In 1799, Boone moved out of the United States to Missouri, which was then part of Spanish Louisiana. Boone, looking to make a fresh start, emigrated with much of his extended family to what is now St. Charles County. The Spanish governor appointed Boone "syndic" (judge and jury) and commandant (military leader) of the Femme Osage district. The many anecdotes of Boone's tenure as syndic suggest that he sought to render fair judgments rather than to strictly observe the letter of the law. Boone served as syndic and commandant until 1804, when Missouri became part of the United States following the Louisiana Purchase. Because Boone's land grants from the Spanish government had been largely based on verbal agreements, he once again lost his land claims. In 1809, he petitioned Congress to restore his Spanish land claims, which was finally done in 1814. Boone sold most of this land to repay old Kentucky debts. When the War of 1812 came to Missouri, Boone's sons Daniel Morgan Boone and Nathan Boone took part, but by that time Boone was too old for militia duty.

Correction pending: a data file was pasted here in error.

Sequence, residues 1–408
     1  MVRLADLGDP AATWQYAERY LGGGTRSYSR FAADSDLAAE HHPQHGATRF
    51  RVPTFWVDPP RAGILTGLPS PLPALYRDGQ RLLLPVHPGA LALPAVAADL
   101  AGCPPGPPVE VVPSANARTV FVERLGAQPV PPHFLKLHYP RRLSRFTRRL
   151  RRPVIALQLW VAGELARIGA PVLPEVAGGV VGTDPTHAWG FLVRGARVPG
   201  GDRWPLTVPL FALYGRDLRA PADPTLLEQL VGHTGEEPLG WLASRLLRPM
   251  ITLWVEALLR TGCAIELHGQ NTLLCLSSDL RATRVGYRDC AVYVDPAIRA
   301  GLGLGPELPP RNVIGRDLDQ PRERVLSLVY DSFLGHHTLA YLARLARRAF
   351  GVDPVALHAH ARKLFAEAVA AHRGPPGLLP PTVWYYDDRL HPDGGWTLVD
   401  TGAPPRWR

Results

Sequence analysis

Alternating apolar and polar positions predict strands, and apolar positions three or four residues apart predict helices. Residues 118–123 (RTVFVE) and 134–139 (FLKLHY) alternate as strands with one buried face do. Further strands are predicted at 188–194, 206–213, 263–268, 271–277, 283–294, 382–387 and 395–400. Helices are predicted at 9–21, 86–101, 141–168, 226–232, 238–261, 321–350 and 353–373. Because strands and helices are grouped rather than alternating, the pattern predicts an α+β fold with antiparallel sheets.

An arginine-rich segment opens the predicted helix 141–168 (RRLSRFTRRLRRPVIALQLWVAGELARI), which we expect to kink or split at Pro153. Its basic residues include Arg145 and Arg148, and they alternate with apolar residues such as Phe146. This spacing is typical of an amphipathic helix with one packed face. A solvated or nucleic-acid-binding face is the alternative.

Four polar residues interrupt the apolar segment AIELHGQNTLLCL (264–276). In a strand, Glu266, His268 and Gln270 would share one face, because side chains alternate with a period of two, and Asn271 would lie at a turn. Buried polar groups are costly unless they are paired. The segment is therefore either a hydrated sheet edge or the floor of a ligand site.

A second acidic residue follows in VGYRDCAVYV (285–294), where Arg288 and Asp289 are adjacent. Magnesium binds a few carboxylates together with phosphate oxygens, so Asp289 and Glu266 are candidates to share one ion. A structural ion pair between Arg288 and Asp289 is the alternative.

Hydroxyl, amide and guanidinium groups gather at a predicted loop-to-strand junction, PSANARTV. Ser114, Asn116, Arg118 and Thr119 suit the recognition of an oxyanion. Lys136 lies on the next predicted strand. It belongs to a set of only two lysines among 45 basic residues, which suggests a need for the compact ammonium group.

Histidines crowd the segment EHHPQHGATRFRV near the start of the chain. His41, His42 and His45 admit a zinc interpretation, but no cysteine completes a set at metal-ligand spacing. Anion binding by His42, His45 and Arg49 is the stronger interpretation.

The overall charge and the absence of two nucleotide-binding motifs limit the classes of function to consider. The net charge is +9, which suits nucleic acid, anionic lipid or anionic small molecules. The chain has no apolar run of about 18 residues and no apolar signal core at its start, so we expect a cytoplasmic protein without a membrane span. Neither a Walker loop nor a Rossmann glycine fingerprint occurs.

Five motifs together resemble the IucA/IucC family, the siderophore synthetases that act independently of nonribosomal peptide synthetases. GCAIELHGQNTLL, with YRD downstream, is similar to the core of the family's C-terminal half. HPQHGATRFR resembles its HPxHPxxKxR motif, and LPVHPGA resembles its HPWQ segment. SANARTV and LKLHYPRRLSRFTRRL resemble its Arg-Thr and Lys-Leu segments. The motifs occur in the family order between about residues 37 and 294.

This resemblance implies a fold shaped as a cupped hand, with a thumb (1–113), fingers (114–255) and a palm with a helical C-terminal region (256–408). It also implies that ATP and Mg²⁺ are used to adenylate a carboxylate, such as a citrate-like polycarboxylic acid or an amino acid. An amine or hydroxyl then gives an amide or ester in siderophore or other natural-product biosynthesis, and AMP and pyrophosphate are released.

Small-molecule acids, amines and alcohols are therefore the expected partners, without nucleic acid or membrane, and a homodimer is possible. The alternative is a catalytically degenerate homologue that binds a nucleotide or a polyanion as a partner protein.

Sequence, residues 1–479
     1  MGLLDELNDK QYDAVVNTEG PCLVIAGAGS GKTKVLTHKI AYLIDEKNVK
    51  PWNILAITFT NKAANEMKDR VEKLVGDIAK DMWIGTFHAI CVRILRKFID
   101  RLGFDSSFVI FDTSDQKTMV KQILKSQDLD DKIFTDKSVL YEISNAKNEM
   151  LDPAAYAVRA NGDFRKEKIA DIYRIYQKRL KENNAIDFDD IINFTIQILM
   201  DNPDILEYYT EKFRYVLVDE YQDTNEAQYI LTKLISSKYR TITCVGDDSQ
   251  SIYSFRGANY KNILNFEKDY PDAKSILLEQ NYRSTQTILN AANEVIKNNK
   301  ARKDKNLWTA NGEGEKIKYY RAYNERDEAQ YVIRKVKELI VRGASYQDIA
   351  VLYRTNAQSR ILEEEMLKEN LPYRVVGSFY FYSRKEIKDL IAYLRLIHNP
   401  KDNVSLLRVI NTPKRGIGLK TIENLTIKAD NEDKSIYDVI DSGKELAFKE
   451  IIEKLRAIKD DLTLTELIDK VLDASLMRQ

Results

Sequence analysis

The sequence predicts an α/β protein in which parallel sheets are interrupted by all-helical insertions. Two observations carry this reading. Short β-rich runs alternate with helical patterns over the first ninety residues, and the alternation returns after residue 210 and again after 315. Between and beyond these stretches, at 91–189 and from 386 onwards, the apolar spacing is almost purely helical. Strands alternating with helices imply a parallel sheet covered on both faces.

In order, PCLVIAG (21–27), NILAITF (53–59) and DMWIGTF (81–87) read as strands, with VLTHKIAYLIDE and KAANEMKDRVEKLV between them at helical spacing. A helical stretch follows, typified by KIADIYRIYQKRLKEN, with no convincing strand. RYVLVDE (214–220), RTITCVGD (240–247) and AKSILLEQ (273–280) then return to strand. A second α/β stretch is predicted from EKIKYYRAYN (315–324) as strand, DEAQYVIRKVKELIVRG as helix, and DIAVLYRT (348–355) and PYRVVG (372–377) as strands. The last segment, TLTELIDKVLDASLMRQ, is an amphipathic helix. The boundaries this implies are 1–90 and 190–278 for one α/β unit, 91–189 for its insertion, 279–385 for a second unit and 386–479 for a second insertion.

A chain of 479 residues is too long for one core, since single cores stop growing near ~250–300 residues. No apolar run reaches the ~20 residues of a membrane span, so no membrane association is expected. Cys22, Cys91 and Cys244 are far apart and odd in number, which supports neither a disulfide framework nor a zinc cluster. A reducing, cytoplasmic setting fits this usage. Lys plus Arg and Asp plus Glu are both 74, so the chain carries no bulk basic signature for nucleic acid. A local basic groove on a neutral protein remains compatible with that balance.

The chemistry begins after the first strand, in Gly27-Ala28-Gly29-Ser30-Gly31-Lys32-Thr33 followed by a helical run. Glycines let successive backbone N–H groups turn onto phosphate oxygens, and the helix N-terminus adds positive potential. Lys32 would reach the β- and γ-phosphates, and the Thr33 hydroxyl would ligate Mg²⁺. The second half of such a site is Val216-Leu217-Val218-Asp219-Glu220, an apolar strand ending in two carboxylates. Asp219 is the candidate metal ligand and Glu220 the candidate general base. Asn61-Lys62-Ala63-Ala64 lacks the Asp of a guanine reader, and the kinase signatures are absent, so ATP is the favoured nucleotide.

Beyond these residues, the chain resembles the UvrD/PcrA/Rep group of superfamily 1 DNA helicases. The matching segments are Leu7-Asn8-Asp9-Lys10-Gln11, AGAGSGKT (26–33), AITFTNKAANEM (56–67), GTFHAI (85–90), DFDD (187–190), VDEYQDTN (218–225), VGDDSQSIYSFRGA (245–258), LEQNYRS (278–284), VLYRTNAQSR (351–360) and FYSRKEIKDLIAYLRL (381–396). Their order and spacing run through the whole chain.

Boone spent his final years in Missouri, often in the company of children and grandchildren. He hunted and trapped as often as his failing health allowed.

Boone died on September 26, 1820, at Nathan Boone's home on Femme Osage Creek. His last words were, "I'm going now. My time has come." He was buried next to Rebecca, who had died on March 18, 1813. The graves, which were unmarked until the mid-1830s, were near Jemima (Boone) Callaway's home on Tuque Creek, about two miles (3 km) from present day Marthasville, Missouri. In 1845, the Boones' remains were disinterred and reburied in a new cemetery in Frankfort, Kentucky.